Rather than building watertight barriers or enforcing patents aggressively, some companies (such as Qualcomm) take advantage of patents obtained in the course of the company’s efforts to generate revenue. For them, technology consortia provide well-defined markets in which patent commercialization can take place, although mechanisms such as FRAND effectively limit the ability to maximize economic returns from their patents. Indeed, Qualcomm specializes in patent licensing as a very significant source of revenue.
Still others view technology consortia as a context through which they can achieve freedom to design and innovate without being constrained by the patents owned (or likely to be owned in the future) by others. Such companies — Google and Facebook among them — often develop technologies for internal use rather than to sell. Therefore, they find patent pooling to be an ideal framework for articulating expansive patent strategies based on partial preemption of IP rights and extensive cross-licensing with others (for example, Google releasing Android as open source for use at no cost). Moreover, they have economic incentives to support FRAND and open-source licensing as strategic mechanisms to erode market dominance by incumbents such as Microsoft and to facilitate mass adoption of their own services.
For technology consortia, the governance model and the instruments for managing IP rights must find a balance between (1) providing enough incentives to innovating companies and (2) nurturing the development of patent pools available to the collective. In this sense, policies such as FRAND licensing and models that involve licensing a set of patents in one transaction can discourage companies from contributing to the consortium; both approaches limit a company’s ability to capture the full economic value of its innovations. Absent sufficient incentives for individual companies, the technology consortium will hollow out as companies stop contributing to the collective. On the other hand, if the private interests of innovators prevail over the collective, a consortium may have difficulty building patent pools, and it will not succeed in launching new technologies in the market.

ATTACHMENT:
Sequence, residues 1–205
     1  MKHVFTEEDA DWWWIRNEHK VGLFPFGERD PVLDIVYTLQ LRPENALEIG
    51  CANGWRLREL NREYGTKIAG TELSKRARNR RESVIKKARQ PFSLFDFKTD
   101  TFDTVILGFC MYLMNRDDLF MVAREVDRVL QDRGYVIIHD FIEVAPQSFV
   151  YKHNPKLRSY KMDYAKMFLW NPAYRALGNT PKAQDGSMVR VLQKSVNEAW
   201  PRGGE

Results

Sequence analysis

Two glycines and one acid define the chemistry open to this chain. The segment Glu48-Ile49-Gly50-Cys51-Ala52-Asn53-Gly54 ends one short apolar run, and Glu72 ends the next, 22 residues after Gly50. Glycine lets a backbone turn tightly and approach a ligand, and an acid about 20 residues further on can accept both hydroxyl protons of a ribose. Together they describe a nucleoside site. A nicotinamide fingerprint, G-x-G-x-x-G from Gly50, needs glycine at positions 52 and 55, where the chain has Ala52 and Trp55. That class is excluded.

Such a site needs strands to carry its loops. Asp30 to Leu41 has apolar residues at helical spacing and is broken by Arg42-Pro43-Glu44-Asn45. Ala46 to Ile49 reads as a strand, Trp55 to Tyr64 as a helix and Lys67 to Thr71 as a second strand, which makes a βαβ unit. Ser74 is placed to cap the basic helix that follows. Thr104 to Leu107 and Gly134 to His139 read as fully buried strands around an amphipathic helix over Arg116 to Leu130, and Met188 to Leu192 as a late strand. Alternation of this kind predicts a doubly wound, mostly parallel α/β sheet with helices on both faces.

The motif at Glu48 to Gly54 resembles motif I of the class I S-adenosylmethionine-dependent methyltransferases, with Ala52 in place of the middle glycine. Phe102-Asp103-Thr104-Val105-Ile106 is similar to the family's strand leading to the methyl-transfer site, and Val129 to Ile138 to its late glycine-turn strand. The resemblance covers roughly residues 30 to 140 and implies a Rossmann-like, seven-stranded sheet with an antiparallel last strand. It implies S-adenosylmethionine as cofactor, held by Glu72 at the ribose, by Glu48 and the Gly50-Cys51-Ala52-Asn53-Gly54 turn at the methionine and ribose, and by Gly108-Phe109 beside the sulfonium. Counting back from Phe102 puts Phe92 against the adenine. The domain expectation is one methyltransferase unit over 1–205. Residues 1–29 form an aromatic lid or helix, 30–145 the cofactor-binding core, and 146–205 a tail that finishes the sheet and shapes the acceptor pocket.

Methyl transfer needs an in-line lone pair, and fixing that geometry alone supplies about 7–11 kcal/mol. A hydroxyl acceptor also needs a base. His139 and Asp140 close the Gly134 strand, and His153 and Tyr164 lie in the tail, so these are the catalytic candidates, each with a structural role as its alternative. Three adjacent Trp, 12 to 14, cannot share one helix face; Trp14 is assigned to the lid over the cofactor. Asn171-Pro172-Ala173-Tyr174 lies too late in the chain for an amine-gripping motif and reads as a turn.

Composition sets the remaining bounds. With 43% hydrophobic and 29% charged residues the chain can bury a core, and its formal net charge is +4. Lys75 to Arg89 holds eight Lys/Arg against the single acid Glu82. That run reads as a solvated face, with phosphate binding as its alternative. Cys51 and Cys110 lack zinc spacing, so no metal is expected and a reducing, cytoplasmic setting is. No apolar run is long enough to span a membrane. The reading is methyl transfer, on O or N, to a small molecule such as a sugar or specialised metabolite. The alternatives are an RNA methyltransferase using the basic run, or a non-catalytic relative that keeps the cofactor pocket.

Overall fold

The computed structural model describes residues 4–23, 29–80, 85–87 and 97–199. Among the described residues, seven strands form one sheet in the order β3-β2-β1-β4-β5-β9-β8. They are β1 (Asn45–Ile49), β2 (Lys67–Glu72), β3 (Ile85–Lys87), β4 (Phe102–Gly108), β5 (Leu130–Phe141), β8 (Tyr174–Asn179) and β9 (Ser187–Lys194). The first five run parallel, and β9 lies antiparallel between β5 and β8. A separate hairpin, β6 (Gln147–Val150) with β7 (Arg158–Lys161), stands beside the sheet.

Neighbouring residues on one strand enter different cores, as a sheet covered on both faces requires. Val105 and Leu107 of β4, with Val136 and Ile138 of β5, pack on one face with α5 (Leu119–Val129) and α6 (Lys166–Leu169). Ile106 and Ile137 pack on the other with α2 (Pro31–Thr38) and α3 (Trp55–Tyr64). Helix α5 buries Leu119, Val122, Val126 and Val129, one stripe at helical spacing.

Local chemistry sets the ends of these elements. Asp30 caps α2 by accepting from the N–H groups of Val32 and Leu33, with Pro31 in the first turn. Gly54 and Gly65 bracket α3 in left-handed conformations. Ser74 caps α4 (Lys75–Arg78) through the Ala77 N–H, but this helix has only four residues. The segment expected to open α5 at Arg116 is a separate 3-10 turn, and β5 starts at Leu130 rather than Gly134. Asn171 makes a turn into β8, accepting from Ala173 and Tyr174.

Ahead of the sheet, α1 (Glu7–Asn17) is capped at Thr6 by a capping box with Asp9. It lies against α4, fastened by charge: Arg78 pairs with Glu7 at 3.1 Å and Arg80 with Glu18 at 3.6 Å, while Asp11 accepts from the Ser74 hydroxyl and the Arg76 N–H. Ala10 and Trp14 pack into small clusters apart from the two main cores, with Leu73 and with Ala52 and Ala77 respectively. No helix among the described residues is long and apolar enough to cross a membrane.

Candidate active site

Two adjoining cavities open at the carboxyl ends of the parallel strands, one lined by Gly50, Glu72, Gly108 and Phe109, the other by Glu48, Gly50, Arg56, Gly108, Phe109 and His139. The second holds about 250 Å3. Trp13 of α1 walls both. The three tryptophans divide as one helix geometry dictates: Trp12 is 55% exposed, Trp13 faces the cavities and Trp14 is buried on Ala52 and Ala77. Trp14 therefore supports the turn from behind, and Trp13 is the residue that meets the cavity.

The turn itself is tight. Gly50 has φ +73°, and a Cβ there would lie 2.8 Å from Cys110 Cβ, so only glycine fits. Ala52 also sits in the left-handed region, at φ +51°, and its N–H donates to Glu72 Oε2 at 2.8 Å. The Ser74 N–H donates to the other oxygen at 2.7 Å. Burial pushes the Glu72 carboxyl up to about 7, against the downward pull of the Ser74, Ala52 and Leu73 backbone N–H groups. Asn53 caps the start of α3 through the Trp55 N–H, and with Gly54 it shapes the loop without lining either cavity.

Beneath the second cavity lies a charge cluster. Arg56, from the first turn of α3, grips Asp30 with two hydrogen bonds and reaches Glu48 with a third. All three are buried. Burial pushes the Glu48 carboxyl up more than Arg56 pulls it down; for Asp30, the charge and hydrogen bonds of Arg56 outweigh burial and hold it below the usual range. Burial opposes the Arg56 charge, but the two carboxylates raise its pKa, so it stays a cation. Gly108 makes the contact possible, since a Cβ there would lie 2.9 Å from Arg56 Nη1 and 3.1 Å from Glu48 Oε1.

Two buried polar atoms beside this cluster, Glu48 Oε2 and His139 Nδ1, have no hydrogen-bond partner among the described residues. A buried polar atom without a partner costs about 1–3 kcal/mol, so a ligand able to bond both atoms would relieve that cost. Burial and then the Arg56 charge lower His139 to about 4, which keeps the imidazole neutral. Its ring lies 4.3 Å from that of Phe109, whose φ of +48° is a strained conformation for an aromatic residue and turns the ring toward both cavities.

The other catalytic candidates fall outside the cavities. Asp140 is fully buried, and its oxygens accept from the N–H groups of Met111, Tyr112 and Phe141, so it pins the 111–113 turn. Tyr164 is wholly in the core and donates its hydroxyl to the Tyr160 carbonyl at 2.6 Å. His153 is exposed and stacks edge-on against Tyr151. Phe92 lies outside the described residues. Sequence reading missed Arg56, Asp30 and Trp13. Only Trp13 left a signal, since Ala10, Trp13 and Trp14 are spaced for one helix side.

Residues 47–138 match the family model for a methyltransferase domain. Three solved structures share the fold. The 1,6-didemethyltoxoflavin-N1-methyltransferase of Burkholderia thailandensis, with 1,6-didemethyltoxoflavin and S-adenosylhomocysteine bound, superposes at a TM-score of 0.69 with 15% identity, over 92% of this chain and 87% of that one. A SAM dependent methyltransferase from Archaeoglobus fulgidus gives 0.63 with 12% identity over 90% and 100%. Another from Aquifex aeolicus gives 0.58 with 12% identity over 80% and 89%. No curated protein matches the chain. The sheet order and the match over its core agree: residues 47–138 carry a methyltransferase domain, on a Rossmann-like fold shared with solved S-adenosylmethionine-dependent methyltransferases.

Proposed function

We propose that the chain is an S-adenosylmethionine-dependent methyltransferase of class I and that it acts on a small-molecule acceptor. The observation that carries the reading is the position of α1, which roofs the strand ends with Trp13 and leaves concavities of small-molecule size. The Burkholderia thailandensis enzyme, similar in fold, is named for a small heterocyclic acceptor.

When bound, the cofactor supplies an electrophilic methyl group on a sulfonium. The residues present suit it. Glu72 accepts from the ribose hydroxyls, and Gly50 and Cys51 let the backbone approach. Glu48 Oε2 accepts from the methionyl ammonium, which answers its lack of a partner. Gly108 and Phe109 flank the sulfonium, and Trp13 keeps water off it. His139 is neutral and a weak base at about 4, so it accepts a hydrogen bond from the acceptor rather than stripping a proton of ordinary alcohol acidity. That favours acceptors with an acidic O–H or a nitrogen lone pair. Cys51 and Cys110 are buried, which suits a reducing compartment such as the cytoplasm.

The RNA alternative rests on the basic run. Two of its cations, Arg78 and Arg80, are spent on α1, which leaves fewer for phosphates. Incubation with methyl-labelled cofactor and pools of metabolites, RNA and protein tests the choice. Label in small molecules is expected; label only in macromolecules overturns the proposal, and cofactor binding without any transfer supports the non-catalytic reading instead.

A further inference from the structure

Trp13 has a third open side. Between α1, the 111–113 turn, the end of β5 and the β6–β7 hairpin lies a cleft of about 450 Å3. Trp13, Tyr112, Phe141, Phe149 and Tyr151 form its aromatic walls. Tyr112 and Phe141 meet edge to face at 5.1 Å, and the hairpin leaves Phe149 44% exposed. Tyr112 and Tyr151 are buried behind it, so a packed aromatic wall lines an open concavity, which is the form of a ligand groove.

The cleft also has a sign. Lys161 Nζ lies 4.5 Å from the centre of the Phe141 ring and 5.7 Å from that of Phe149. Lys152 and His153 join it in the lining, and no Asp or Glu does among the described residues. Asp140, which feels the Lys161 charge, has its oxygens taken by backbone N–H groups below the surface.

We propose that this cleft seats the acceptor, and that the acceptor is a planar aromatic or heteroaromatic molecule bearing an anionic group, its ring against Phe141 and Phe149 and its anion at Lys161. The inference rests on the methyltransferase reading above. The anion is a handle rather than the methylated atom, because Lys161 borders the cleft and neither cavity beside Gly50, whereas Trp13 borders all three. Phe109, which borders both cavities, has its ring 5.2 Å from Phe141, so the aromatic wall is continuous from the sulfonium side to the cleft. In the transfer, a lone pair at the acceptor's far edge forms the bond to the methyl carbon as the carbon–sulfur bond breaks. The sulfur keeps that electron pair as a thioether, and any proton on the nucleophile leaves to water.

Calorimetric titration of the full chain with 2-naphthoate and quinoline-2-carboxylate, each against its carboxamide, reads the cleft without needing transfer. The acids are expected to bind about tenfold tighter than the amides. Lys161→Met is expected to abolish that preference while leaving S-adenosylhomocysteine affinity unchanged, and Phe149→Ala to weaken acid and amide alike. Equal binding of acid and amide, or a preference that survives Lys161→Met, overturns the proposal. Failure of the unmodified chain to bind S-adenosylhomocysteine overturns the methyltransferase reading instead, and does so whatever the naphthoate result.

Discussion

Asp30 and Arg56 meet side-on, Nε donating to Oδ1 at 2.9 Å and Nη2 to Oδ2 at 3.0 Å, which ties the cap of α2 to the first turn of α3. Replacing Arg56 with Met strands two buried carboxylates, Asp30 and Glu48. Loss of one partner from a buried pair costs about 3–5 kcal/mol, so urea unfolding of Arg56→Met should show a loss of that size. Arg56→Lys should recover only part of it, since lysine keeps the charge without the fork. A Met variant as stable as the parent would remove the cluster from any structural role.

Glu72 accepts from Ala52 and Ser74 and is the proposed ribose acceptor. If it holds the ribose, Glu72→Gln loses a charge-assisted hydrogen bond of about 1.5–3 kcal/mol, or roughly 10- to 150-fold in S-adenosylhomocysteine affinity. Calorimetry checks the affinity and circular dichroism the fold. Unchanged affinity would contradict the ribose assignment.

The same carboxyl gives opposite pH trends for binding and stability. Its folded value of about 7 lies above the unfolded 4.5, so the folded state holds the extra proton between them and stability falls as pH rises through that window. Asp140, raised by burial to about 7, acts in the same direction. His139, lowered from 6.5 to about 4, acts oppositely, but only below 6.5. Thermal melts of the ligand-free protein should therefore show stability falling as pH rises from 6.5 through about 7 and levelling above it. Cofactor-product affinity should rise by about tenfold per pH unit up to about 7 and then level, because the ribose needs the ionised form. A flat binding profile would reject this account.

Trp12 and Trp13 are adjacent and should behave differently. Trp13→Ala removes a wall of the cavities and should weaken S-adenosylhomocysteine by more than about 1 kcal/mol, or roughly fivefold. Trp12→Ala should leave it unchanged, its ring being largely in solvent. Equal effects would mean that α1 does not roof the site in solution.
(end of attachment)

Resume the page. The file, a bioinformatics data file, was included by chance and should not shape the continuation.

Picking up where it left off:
There is a delicate balance between the interests of individual companies and those of the collective. For instance, FRAND licensing models that limit economic returns run counter to the interests of pure innovators like Qualcomm. On the other hand, technology adopters (for example, telecom operators) or product-based innovators (for example, Ericsson or Cisco) may be satisfied with “low-return” licensing policies for IP rights. Also, while policies that facilitate licensing a set of patents together rather than one at a time are arguably beneficial to technology adopters, they may raise antitrust concerns due to potential cartel-like, price-fixing practices by technology producers.
When joining technology consortia, companies stand to benefit by taking advantage of well-defined regulatory instruments and industrial practices that address the limitations of current patent systems, while also gaining access to patent pools upon which they can build new technologies. In exchange, companies must be prepared to accept binding rules affecting how their technologies will to be licensed to others. They must be willing to accept slower innovation processes due to consensus building and limits to the maximum royalty rates they can charge for their patents.
Innovation in high-tech markets involves working with many patent holders, each of which can affect how new technologies can be brought to market. To prosper in this environment, companies must be prepared to loosen up their rights to intellectual property and embrace collaboration with other companies, even if it means working with competitors.